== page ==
In My Father’s Words

machine-writing-1035292_960_720

Pixabay

In My Father’s Words

B.M

03/07/1938 – 18/10/2018

machine-writing-1035292_960_720

Nowhere To Go

1988

It was not a good time.  No, that’s wrong.  It was a very bad time.  At that moment, however, I believed it was the worst time in my life.  Life would, in due course, have a hearty chuckle, kick me sharply in the teeth, and demonstrate that things could get a whole lot worse.  But just then, back then, they were bad enough to be going on with, thank you.

As I packed the car the cat from next door came along and stopped to watch events.  “What do you want?” I snarled.  The cat was pretty cool about it, looked dismissively at me, flicked her ears and walked away, tail high in the air.  “Where are you going, puss?”  The cat went through a hedge into a garden and I lost sight of her.  “Never mind the bloody cat, you dipstick, where are you going?”  I had nowhere to go.

I turned back to the car, my mind a kaleidoscope of conflicting, painful emotions.  It wasn’t as if we’d been married; it was worse than that, I was still in love with the lady.  I checked the car, noting sadly the black plastic bin liners crowded together on the back seat, like some weird soul group on their way to a gig.  “I think that’s everything.”  I checked the house again, tears filling my eyes and rolling unchecked down my cheeks.  This was not how it was meant to turn out.  In the kitchen I washed and dried a coffee mug and automatically repositioned the two pine stools I had assembled so carefully, when, a year ago.

The wallpaper in the lounge had curled up a little near the radiator.  I fetched the Prit and glued it back again.  We had papered the room together before the previous Christmas, desperate to finish before her parents arrived.  I didn’t go into the bedroom, simply shut the door.  I didn’t see it at the time, but it was a deeply symbolic action.  This was the second time in two years I had packed up and left a house and woman, carrying black bin liners.  The first time it was my house and my wife, but our marriage had run its course, destroyed in the end by mutual indifference.  This time it was not over for me, and so this was worse, much worse.

I locked the front door and put the keys through the letterbox.  I hoped there were no neighbours watching.  No net curtains twitched and even the next door car was now nowhere to be seen.  The car started immediately and purred quietly, as if anxious not to intrude.  Goodbye Leatherhead, hello Epsom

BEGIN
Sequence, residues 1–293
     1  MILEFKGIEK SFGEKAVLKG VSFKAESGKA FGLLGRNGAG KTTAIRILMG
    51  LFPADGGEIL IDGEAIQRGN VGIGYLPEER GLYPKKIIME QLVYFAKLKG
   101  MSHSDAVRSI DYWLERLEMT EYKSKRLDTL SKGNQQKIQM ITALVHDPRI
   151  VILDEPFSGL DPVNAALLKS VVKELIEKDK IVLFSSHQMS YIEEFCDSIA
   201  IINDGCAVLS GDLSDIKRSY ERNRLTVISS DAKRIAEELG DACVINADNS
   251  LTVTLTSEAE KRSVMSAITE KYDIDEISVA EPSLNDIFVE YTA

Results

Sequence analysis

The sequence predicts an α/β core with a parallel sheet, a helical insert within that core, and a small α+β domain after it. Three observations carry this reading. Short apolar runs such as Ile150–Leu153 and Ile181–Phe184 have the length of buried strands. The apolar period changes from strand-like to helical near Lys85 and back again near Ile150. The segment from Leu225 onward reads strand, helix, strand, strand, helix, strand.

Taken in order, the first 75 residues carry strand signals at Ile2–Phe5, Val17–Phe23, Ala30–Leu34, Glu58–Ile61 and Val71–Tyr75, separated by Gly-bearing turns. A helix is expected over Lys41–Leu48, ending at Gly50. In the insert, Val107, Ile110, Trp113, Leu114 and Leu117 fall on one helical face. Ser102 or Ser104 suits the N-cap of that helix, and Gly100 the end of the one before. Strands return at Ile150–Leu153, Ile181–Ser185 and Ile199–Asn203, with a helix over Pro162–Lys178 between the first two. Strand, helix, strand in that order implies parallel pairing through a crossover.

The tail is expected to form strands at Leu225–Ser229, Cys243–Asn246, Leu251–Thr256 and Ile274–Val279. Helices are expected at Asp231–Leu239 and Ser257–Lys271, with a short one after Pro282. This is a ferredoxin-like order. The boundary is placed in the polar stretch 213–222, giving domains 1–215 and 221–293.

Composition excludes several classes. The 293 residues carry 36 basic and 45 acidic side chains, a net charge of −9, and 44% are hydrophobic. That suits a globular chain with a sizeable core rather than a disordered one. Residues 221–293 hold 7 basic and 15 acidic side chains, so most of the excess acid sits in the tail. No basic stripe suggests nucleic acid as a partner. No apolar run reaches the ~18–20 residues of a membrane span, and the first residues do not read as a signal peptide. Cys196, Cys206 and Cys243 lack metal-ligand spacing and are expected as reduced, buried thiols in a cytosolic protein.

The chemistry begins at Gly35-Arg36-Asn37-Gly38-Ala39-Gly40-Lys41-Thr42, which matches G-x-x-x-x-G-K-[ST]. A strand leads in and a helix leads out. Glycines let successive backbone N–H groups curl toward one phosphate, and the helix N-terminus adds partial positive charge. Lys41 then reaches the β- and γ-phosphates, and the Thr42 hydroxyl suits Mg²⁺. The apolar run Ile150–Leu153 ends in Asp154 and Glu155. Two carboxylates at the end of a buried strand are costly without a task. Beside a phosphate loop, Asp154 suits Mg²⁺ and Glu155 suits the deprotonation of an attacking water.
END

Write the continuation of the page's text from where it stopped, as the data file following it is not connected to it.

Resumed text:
I was fifty, divorced with an ex wife who hated me, a son who hated me and now an ex lover who hated me.  My former wife had the house, the furniture and most of my money.  So much so that I couldn’t afford a mortgage, or a holiday.  On the other hand, I had inherited all the photograph albums.

“Where are you going?”  Physically only as far as Epsom, but in life terms, I had no idea.  I was lost, going nowhere.  The one bedroom flat in Epsom was everything a one bed roomed flat was supposed to be.  Very little.  All the neighbours were either young couples out at work, or old ladies hiding behind the nets.  I still had my job, thank God and the BMW, but no sense of purpose or direction.  I hated that bloody flat, hated it with an intensity of feeling.

Things went downhill from there.  Eating was done in pubs, Pizza Hut or McDonalds’s.  Drinking was done everywhere. Whiskey became by best friend and worst enemy.  Did I want to live like this?  No.  Could I do anything about it?  It sure as hell looked like I couldn’t.

I went to the doctor.  “You’re depressed.”  Christ, it takes five years at University to diagnose that?  He prescribed Prosac.  “I can’t sleep.”  Temazapan.

What a lethal mixture, Prosac, Temazapan and Famous Grouse.  It nearly killed me; it certainly turned me into a zombie.  There were times when I thought of ending it all, but they were impostors, such thoughts.  I knew I didn’t have the balls for that.  Eventually the tablets were flushed down the toilet and the whiskey finished and not replenished.  I had eighteen months of this half-life.  At Christmas 1990 I met Jeanne.  Almost at once I realised that I knew where I was going and the certainty lasted for five years.  Then life, as it has a habit of doing, decided to replay the past again.

Written by BM

3 thoughts on “In My Father’s Words

Comments are closed.

Blog at WordPress.com.

Up ↑

%d bloggers like this: